Copyright © 1996, 1997, 2001 by Galen Daryl Knight and VitaleTherapeutics, Inc.

General Considerations and Problems with Interpretation

Evidence that complete conversion to vitalethine can be accomplished with phosgenation is provided by the observation that all concentrations of ß-alethine tested in an F1 (allogeneic) melanoma model increase tumor growth, whereas vitalethine is therapeutic and the sulfenate-linked benzyl derivative produces lifetime "cure" rates of about 70% in the syngeneic model. This "all or none" phenomenon also has been observed in the chemistry of vitalethine, since there are very few chemical indications of ß-alethine being contaminated with vitalethine, or vice versa, in the more than a decade of study. When mixing studies were performed, ß-alethine seemed to negatively impact the therapeutic responses to vitalethine in the F1 model (BALB/c X DBA/2 inoculated with a DBA tumor), but studies in the more relevant syngeneic model have not been done. This type of "all or none" self-reinforcing chemical behavior actually is useful in complex biological systems for extremely sensitive, self-amplifying biological switches. At the same time that this sensitive and dynamic chemistry incites interest in therapeutic applications for these compounds, it presents some formidable and unique obstacles to study.

Hydrogen bromides have been used extensively to completely remove blocking groups such as the carbobenzoxy (CBZ) moiety from amines. Consequently, contamination of this particular hydrogen halide can also effectively disrupt attempts to synthesize several of the exemplary vitaletheine modulators, especially those with free carbamate/carbonimidate moieties. Hydrogen halides can be artifactually introduced by i) using the hydrogen halide salts of cystamine instead of subliming the free base as outlined in the synthesis of bis-CBZ-ß-alethine, ii) by using impure reagents in equilibrating the ion-exhange columns, or iii) through an incomplete chromatographic removal of HBr from ß-alethine by this chromatographic technique prior to synthesizing vitalethine, most commonly caused by applying too large of a sample volume to the column. In addition, acetic acid, halides, and added amines such as triethylamine may alter the products of the reaction mixtures and decrease the efficiency of bromide removal in the DEAE ion exchange chromatography step. Since ammonium carbamate appears to be less stable to thermal decomposition than other carbamate salts, there also is some evidence that incomplete phosgenation of the free amines of ß-alethine may lead to catalytic hydrolysis of any carbamates and carbonimidates that may be formed.

The vitaletheine modulators also tend to rearrange in different organic solvents, so organic reference standards were generally avoided in the initial NMR spectra of these compounds to ensure sample integrity. For example, triturating one of the vitaletheine modulators with ethyl ether caused obvious and complete rearrangement into two other products having radically different chemical properties and solubilities. Unfortunately, these precautions of generally avoiding unproven organic exposures in the interest of sample integrity are not without consequence in the accurate scaling of the data. For example, because of the indicated tenacious binding of water to vitaletheine V4, this proton spectra in DMSO was not shifted 0.18 ppm downfield when originally reported, even though an argument for doing so could have been made using the signal in this original spectra that might be contaminating DMSO; water's proton NMR shift is too inconsistent in the presence of hydrogen-bonding solvents and solutes to be definitive in confirming these assignments for the vitaletheine modulators. The legitimacy for making such a correction has since been established in a repeat of this synthesis by others using TMS as a spectral reference standard for proton NMR. Similarly, in the original report proton assignments for the paired methylenes in the cysteamine and ß-alethine moieties may have been inverted from what they actually are. These assignments were originally based upon changes observed when ß-alethine is reduced to its thiol. More recent 2-D NMR indicates that assignments for the two sets of coupled methylenes are juxtaposed, possible discrepancies not affecting the chemical identity of the substance. These discrepancies in assignment resulted from the then unappreciated effects of hydrogen bonding in these structures.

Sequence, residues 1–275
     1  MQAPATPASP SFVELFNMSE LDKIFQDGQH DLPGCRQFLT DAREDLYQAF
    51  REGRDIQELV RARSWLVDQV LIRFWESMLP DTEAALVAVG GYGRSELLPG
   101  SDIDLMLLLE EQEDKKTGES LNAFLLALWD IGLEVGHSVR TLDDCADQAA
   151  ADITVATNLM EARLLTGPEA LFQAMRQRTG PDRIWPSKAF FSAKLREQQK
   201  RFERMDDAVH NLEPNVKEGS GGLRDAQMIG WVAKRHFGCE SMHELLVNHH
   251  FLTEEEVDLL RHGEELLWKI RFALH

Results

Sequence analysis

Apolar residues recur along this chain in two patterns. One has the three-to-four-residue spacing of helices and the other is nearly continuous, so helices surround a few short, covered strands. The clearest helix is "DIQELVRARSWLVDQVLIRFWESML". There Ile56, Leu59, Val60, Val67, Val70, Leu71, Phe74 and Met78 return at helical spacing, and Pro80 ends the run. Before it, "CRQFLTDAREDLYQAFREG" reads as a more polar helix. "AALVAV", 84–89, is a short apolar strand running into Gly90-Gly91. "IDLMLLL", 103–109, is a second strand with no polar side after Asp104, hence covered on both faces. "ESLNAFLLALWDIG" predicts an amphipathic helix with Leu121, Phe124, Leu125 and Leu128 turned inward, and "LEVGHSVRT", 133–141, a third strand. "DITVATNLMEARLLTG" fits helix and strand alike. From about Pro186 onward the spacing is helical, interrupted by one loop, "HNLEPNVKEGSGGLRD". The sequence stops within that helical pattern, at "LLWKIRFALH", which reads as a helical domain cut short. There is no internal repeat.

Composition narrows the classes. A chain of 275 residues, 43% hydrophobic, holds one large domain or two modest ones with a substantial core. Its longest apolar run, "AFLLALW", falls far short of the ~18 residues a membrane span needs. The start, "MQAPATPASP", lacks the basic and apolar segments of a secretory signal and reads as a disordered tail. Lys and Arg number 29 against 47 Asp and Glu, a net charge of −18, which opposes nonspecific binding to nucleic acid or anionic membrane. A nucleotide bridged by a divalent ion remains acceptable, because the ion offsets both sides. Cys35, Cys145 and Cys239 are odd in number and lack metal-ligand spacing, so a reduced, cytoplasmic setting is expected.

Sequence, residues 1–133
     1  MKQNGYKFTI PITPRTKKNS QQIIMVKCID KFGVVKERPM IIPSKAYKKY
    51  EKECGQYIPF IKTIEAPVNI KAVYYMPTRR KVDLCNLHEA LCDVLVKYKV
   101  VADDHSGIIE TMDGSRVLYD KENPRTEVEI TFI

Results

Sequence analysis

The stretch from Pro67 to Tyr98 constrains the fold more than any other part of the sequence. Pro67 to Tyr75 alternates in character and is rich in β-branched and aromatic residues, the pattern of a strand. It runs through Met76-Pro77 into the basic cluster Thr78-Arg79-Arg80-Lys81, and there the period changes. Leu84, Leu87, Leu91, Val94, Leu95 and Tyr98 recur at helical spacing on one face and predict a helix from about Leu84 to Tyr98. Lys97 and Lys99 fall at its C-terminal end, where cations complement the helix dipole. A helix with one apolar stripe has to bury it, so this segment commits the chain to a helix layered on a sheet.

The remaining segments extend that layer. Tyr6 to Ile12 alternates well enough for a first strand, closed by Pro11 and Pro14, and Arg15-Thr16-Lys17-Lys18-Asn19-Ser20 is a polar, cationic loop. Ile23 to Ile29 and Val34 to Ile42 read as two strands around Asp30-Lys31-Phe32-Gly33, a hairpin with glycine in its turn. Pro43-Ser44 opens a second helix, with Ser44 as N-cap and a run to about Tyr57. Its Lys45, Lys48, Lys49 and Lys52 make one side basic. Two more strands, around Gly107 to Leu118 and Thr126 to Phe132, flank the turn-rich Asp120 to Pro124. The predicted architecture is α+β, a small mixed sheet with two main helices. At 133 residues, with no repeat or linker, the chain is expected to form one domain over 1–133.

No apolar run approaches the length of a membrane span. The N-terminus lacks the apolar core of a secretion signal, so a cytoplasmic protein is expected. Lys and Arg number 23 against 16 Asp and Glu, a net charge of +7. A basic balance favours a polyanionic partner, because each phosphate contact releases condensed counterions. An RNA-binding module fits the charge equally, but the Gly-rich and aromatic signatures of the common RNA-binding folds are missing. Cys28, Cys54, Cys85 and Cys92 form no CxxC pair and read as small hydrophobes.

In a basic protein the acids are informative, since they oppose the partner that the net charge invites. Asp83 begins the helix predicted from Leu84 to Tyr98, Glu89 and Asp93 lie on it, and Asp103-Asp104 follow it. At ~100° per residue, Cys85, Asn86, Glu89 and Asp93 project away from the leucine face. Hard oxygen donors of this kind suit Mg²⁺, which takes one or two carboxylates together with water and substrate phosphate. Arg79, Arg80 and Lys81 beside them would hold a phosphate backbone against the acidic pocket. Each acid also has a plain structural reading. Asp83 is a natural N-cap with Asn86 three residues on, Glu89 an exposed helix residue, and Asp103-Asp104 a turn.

There are also indications that several of the vitaletheine modulators rearrange when reduced to their thiol forms, so this reductive probe of structure must be subjected to considerable scrutiny before definitive assignments can be made. These rearrangements are most likely facilitated by five- and six-membered nucleophilic attack of the thiolate upon carbonyl carbons or the various amides, imidates, carbamates, and carbonimidates present in this series of compounds. Consequently, thiol reagents may or may not detect these compounds when reduced to thiols. Careful chemists are still studying these assignments with shift reagents and other probes of structure, including 2-D NMR.


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